Now that the Ebola epidemic has ended in West Africa, Zika has the world's focus. And, as Carol Pearson reports, health experts and governments are applying some of the lessons learned during the Ebola crisis in Africa to fight the Zika virus in Latin America and the Caribbean.
    Video

    Video Smartphone Helps Grow Vegetables

    One day, you may be using your smartphone to grow your vegetables. A Taipei-based company has developed a farm cube — a small, enclosed ecosystem designed to grow plants indoors. The environment inside is automatically adjusted by the cube, but it can also be controlled through an app. VOA's Deborah Block has more on the gardening system.
    Video

    Video Illinois Voters Have Mixed Emotions on Obama’s Return to Springfield

    On the ninth anniversary of the launch of his quest for national office, President Barack Obama returned to Springfield, Illinois, to speak to the Illinois General Assembly, where he once served as state senator. His visit was met with mixed emotions by those with a front-row seat on his journey to the White House. VOA's Kane Farabaugh reports.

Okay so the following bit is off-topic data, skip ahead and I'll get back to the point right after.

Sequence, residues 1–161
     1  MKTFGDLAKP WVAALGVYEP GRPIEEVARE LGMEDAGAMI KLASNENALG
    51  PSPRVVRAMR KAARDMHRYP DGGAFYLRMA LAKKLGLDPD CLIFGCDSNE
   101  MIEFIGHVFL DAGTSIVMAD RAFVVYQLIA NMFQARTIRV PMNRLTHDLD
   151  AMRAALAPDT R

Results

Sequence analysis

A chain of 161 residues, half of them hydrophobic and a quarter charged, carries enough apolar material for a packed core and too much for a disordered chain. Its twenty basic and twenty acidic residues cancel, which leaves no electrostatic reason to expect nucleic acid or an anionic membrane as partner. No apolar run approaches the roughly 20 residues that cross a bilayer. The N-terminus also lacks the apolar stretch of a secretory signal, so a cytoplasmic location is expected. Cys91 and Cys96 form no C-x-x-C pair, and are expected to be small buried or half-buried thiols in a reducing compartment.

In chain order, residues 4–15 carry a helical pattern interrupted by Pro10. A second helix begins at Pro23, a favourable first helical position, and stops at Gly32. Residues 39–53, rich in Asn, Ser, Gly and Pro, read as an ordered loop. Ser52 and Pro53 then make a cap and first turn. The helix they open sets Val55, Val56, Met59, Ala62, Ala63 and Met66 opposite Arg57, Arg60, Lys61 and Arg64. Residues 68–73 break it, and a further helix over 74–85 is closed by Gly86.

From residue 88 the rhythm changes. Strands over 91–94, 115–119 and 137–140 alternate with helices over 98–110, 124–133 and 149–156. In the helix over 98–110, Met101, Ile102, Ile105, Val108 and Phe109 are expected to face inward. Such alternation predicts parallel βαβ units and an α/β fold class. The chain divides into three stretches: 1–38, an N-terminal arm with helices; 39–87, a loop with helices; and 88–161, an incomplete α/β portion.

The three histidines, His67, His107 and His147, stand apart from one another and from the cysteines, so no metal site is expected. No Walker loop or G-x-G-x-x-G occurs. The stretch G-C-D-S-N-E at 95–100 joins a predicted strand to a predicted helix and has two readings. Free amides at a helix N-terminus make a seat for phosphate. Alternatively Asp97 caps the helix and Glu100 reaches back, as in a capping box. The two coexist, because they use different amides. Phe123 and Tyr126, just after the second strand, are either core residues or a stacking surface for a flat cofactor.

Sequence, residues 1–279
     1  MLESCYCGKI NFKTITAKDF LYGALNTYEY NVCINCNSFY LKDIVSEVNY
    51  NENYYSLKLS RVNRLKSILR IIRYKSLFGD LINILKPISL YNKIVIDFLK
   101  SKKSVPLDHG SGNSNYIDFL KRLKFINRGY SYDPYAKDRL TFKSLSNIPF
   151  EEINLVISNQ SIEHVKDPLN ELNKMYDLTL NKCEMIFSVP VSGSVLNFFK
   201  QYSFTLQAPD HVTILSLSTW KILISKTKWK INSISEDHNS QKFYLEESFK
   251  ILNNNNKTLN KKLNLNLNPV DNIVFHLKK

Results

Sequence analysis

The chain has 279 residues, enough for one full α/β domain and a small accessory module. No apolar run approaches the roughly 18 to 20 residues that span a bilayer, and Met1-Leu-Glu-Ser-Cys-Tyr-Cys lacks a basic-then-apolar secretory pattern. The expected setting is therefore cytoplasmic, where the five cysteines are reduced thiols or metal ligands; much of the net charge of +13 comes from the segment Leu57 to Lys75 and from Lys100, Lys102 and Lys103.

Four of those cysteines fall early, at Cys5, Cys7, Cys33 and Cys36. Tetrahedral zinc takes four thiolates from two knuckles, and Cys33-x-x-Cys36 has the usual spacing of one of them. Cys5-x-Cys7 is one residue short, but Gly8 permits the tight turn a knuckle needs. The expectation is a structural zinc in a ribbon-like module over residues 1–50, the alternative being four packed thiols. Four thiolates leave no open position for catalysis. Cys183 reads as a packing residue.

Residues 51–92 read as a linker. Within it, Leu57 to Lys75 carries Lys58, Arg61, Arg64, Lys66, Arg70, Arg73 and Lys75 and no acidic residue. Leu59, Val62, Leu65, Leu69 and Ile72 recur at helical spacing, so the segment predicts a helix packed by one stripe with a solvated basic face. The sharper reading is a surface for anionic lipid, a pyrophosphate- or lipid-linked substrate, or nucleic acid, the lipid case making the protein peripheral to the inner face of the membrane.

Video

    Video Exhibit Turns da Vinci’s Drawings Into Real Objects

    In addition to being a successful artist, Renaissance genius Leonardo da Vinci designed many practical machines, some of which are still in use today, although in different forms. But a number of his projects were never realized — until today. VOA’s George Putic reports.
    Video

    Video Heated Immigration Debate Limits Britain’s Refugee Response

    Compared to many other European states, Britain has agreed to accept a relatively small number of Syrian refugees. Just over a thousand have arrived so far -- and some are being resettled in remote corners of the country. Henry Ridgwell reports on why Britain’s response has lagged behind its neighbors.
    Video

    Video Russia's Car Sales Shrink Overall, But Luxury and Economy Models See Growth

    Car sales in Russia dropped by more than a third in 2015 because of the country's economic woes. But, at the extreme ends of the car market, luxury vehicles and some economy brands are actually experiencing growth. VOA's Daniel Schearf reports from Moscow.